Achieving optimization of the nanoparticle preparation could be performed by classical method of changing one variable at a time while others have been remained constant. However this method needs lots of series of experiments and time. Moreover in this approach the possible interaction between independent factors will not be observed. Therefore, the fine optimized formulation will not be achieved. Design-of-experiment (DoE) method has been used in pharmaceutical studies to solve this problem. Optimization by response surface methodology including Box-Behnken method is considered as the major application of DoE [21, 22].
In the present study, the water soluble conjugated HA-DTX was synthesized. Then, chitosan coated HA-DTX nanoparticles were prepared by PEC method considering the anionic structure of HA-DTX and cationic chitosan. Box-Behnken statistical design using a response surface methodology has been employed to obtain the optimized condition in terms of particle size, size distribution, drug loading and zeta potential. For determination of efficacy of optimized chitosan coated HA-DTX conjugate nanoparticles, 3-(4,5-dimethylthiazol-2-yl)-2,5-diphenyltetrazolium bromide (MTT) assay was performed on MCF-7, human cancer cell line, and 4 T1 mouse breast cancer cell line. MCF-7 and 4 T1 cell lines were also used for cell uptake study.
Materials and methods
Sodium hyaluronate (MW 25 kDa) was purchased from GuangLong (Shandong, China). Anhydrous DTX was purchased from Jiangsu Yew (Jiangsu, China). Chitosan (MW 50 kDa, (Primex, Karmoy, Norway), 1-Ethyl–3-[3-(dimethylamino)-propyl] carbodiimide (EDC), N-hydroxy succinimide (NHS), 4’,6-diamidino-2-phenylindole (DAPI) and triethylamine were purchased from Sigma Aldrich (Seelze, Germany). MTT dye was from Merck (Darmstadt, Germany). Dulbecco's Modified Eagle Medium (DMEM) with high glucose, RPMI 1640, FBS (Fetal Bovine Serum), trypsin, penicillin and streptomycin were purchased from Biosera (Vienna, Austria). Ultra-purified water was used throughout the analysis and all other chemicals were of analytical grade. 4 T1 and MCF-7 cell lines were obtained from National Cell Bank of Iran (Pasteur Institute of Iran, Tehran, Iran).
Synthesis of hyaluronic acid-docetaxel (HA-DTX) conjugates
At first for preparing desalted HA, HA (MW 25 kDa) (1 g) was dissolved in 100 mL of deionized water, then the solution was dialyzed (MWCO 12 kDa) in deionized water for 24 h and lyophilized .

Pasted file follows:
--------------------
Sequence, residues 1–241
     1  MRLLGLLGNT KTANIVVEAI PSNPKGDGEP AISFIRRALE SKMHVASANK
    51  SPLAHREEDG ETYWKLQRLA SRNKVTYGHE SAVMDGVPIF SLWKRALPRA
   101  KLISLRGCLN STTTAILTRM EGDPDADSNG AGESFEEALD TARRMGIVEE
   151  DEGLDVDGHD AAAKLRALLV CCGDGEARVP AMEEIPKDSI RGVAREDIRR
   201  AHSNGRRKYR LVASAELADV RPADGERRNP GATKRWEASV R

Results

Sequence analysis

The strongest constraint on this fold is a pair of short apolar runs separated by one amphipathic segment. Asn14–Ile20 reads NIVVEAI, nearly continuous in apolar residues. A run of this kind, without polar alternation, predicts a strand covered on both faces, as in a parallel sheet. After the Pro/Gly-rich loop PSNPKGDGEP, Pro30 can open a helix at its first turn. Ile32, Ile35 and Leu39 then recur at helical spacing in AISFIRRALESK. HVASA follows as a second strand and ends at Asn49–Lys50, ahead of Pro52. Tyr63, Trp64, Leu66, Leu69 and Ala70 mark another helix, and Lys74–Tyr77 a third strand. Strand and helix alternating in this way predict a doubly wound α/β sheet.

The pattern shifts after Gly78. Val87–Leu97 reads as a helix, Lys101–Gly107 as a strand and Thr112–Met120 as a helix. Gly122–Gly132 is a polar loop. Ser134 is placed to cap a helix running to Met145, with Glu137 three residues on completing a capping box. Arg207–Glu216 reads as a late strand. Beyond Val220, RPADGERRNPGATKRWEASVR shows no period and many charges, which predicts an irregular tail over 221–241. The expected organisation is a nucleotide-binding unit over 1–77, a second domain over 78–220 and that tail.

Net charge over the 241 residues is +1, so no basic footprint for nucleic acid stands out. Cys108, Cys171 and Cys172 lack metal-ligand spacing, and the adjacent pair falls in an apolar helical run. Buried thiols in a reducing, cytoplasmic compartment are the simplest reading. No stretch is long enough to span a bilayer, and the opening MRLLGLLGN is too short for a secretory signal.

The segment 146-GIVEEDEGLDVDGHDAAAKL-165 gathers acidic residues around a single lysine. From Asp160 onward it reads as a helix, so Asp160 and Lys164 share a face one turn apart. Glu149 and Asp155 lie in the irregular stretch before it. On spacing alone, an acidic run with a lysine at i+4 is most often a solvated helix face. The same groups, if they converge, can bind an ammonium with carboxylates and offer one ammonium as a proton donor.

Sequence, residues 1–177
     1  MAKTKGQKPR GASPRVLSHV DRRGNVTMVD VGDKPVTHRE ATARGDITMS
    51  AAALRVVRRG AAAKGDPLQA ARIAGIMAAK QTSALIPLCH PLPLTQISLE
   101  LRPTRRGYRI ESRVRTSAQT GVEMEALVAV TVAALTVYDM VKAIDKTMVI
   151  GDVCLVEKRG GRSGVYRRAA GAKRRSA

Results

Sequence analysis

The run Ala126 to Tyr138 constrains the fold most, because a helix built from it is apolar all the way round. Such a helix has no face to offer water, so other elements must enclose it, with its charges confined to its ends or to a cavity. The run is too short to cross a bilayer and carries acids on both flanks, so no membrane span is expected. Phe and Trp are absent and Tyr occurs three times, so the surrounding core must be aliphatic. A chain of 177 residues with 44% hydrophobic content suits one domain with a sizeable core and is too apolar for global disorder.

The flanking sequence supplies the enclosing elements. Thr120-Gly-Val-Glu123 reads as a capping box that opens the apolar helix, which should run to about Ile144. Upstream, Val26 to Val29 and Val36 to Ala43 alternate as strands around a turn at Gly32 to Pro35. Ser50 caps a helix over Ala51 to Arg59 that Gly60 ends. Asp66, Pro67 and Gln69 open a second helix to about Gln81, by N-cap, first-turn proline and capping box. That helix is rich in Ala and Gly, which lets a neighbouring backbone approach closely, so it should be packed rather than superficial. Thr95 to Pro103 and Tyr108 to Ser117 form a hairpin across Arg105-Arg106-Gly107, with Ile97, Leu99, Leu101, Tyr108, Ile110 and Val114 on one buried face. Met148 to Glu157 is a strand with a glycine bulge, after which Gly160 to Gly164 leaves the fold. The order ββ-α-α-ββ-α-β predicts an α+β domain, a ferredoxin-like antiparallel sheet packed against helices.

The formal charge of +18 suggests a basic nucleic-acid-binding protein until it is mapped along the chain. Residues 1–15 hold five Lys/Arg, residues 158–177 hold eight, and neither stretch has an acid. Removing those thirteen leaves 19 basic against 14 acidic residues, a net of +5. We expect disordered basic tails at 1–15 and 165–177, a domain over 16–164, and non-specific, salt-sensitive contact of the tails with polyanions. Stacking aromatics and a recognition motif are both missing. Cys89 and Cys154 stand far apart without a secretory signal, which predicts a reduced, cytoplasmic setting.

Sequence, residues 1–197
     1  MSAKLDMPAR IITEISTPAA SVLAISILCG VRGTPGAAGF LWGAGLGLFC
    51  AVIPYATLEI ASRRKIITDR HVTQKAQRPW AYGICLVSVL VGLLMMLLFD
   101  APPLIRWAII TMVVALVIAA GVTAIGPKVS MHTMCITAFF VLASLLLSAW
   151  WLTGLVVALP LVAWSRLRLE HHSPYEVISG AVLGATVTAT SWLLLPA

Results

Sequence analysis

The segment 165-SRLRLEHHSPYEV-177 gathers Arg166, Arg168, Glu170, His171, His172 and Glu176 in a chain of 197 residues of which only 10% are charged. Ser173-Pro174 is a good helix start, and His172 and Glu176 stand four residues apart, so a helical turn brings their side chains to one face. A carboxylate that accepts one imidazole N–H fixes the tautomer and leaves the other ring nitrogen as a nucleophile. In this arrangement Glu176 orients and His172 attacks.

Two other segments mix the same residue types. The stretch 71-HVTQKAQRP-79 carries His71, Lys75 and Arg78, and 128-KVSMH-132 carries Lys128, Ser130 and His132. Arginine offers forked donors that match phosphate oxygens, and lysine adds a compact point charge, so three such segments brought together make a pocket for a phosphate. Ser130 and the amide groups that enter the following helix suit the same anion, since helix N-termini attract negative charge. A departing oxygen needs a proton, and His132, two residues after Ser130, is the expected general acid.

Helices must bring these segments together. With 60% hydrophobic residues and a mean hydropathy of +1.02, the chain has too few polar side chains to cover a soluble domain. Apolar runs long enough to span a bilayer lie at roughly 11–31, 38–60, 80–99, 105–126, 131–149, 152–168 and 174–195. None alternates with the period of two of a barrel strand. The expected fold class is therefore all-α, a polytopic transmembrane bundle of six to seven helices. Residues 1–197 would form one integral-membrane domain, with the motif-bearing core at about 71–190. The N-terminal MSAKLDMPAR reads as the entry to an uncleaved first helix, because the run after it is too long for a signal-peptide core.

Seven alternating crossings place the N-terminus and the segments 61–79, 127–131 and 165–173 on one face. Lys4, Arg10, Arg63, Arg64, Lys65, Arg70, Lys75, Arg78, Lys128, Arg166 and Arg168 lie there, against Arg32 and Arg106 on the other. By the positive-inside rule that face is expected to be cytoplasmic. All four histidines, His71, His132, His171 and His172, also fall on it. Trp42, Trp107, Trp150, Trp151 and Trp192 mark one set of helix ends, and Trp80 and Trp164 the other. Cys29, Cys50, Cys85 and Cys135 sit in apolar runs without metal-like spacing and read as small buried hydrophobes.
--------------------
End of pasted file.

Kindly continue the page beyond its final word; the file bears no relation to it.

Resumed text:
Desalted-HA (400 mg) was dissolved in 80 mL of deionized water. Then EDC and NHS were added to the solution in 11 and 10 molar ratios of carboxyl groups of HA, respectively. The mixture was stirred at 40 °C for 3 h. Then 80 mL dimethylformamide (DMF) containing 400 mg of DTX and 20 mL of triethylamine were added. After 24 h the mixture was refluxed at 70 °C and after cooling to room temperature was transferred to pretreat dialysis tubing (MWCO 3500 kDa). The mixture was purified by dialysis against water-acetone solution (50:50, v/v) for 1 h, water-acetone (75:25, v/v) for 1 h and water for 1 h, respectively. The obtained HA-DTX conjugate is water soluble. To eliminate the remained DTX, the mixture was transferred to a separating funnel and extracted three times with dichloromethane. The aqueous phase was lyophilized. Chemical integrity of the resulted product was checked by 1H-NMR (Bruker AC 500 Spectrophotometer, Germany) and fourier transform infra-red (FTIR) spectroscopy (Nicolet Magna-FTIR 550 Spectrometer, WI, USA). The concentration of DTX was measured by UV Spectrophotometry (UV-visible Spectrophotometer, 160A, SHIMADZU, Japan) at 229 nm versus a suitable blank solution containing the appropriate concentration of HA.
Preparation of chitosan coated HA-DTX conjugate nanoparticle
Chitosan coated HA-DTX conjugate nanoparticles were prepared by PEC method, considering the anionic structure of HA-DTX conjugates and cationic chitosan . As a representative example, 1 mL of aqueous solution of HA-DTX (4.25 mg/mL) was added slowly to 1 mL of dilute chitosan solution (0.250 mg/mL of 1 % acetic acid) in 1 min while stirring at 370 rpm at room temperature. It should be mentioned that during the screening and optimization procedure, various factors including ratios of HA-DTX conjugate to chitosan, stirring rate and temperature were evaluated.
DTX determination in the conjugates and nanoparticles
Fourier transform infra-red spectroscopy of conjugates
Freeze-dried conjugated HA-DTX, HA, DTX were analyzed by FTIR Spectrometer. The data was achieved in the range of 400–4000 cm−1 for each sample. The FTIR spectra of conjugated HA-DTX were compared with pure substances.
Experimental design studies
Variables used in Box-Behnken experimental design
Particle size (nm)
Stirring rate (rpm)
Zeta potential (mv)
Ratio of HA-DTX conjugate to chitosan
Polydispersity index (PdI)
Drug content or DTX loading (%)
The aim of the design was to achieve to the optimum formulation, with both minimum size and maximum loading. The PdI factor should be at possible lowest level and zeta potential should be appropriate to have stable nanoparticles. Obtained responses from three optimized formulations were compared with the suggested experimental responses to evaluate the precision of model.
Characterization of the nanoparticles
The size and zeta potential of the nanoparticles were determined using a Zetasizer Nano ZS Analyzer (Malvern Instruments, UK) with a He-Ne laser beam at wavelength of 633 nm at 25 °C.